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Thought controlled flights are now a reality, according to the Institute for Flight System Dynamics, and they are expected to reduce the work load for pilots. According to the scientists of the Technische Universitat Munchen (TUM) and the TU Berlin, it has been demonstrated that it is feasible to fly via brain control. Freedom of movement would enable pilots to better manage other necessary tasks that are manual in the cockpit, and would also increase saftey.
Brainflight is an EU-funded project that scientists, who work for Professor Florian Holzapfel, are researching to determine ways which thought controlled flight could work in this project. Tim Fricke, an aerospace engineer, is leading this project at TUM and has a long term goal to make flying easier so that more people have accessibility.
The flight simulator test was successful, as seven participants with varying degrees of flight experience demonstrated their thought controlled flying ability. One participant did not have any experience in the cockpit at all. The participants sufficiently completed requirements to fulfill a flying license test, with only their thoughts to issue the commands during the fight test. The scientists deemed the precision to be astonishing and logged this test as their first breakthrough. Fricke reported that of the ten target headings, the participants were able to follow eight of them with only a 10 degree variability. Some even succeeded to land in poor visibility, and one successfully landed very close to the centerline, within a few meters.
The latest focus has to do with adjustments for the flight dynamics and control system, as changes need to be made for the new control method, according to the TU Munchen scientists. When loads induced on the aircraft become too huge, pilots are used to exerting force when they feel resistance. When using brain control, this feedback is missing, so alternative methods of feedback are being searched out to signal when too much resistance is present. Brain waves of pilots are being measured using electroencephalography (EEG), which are multiple electrodes connected to a cap enabling machines and humans to communicate. This would be the tool that would enable thought controlled flights to reduce work load for pilots.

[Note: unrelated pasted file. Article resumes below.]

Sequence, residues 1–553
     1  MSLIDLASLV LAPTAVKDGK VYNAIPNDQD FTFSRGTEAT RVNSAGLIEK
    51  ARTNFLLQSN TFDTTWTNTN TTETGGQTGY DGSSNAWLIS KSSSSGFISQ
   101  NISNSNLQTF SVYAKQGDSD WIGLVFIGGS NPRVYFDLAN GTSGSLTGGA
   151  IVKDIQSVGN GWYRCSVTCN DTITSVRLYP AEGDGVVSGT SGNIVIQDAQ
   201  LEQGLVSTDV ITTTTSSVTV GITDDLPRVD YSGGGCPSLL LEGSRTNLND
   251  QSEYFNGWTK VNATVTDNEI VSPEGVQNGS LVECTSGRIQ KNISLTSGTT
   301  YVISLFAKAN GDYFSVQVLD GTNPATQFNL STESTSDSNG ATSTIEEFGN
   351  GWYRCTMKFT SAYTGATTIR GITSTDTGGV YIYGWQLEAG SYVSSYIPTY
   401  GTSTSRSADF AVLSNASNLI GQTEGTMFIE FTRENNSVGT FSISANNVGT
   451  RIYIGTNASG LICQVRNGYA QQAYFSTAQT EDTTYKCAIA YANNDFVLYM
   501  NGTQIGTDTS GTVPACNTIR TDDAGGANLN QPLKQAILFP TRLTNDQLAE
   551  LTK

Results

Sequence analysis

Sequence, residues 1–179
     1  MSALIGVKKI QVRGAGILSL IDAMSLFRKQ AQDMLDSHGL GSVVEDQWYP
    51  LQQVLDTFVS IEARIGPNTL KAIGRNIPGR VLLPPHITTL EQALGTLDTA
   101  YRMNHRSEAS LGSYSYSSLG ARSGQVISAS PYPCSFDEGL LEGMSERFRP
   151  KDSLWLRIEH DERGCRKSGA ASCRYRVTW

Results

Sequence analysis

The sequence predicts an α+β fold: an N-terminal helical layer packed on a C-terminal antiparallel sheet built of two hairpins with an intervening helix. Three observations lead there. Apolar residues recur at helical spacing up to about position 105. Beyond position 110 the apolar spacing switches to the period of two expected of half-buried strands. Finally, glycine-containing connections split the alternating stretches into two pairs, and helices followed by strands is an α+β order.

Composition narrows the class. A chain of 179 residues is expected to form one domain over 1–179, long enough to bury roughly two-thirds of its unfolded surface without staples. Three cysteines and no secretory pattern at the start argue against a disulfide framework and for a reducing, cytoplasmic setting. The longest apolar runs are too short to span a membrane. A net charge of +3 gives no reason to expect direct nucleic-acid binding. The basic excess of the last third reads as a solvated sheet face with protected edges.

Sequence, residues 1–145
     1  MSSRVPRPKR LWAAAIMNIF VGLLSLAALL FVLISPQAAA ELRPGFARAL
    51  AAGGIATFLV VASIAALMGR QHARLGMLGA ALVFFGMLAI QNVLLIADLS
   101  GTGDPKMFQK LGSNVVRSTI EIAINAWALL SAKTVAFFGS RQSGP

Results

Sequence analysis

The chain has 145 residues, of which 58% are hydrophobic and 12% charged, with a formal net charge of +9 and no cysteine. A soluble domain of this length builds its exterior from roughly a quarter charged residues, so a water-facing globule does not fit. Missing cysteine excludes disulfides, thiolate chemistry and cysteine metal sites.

A team of scientists from the Department of Biological Psychology and Neuroergonomics at the Technische Universitat Berlin, developed an algorithm that can take electrical potentials, decipher and convert them into control commands that will be useful in thought controlled flights. Fricke emphasizes that clearly defined electrical impulses by the brain, for control, are recognized by the brain-computer interface, which makes this pure signal processing. He wanted to make clear, that it is not possible for this to work with mind reading. EEG clearly cannot read the mind, but it does take the electrical signals that the brain gives off and processes them. As a pilot thinks of a specific command, the pilot’s brainwaves are processed by a brain-machine interface (BMI), which takes the signal and assigns it a corresponding value, similar to an output such as an airplane flight control. People who have lost the use of their limbs have used EEG to write and paint, so now thought control will enable those who currently do not qualify to fly an aircraft to do so.
At the end of September, researchers will present their results at the Deutscher Luft-und Raumfahrkongress, and at other locations as well. The European Union Seventh Framework Programme contributed funding for this research. Fricke believes that flying manually may be more difficult than through brain control, as there is no need for intermediary body movement. Since thought control technology is still in the infancy stages, much assessment is still needed because of the high stakes of flying. Accuracy is imperative. Safeguards will need to be implemented in the event that a pilot’s mind would wander. More testing and research need to be done before this technology will be allowed to soar at 30,000 feet. Although brain controlled transportation may seem a bit daunting, thought controlled flights are now probable and have already been proven to reduce the work load for the pilot.
By Jill Boyer-Adriance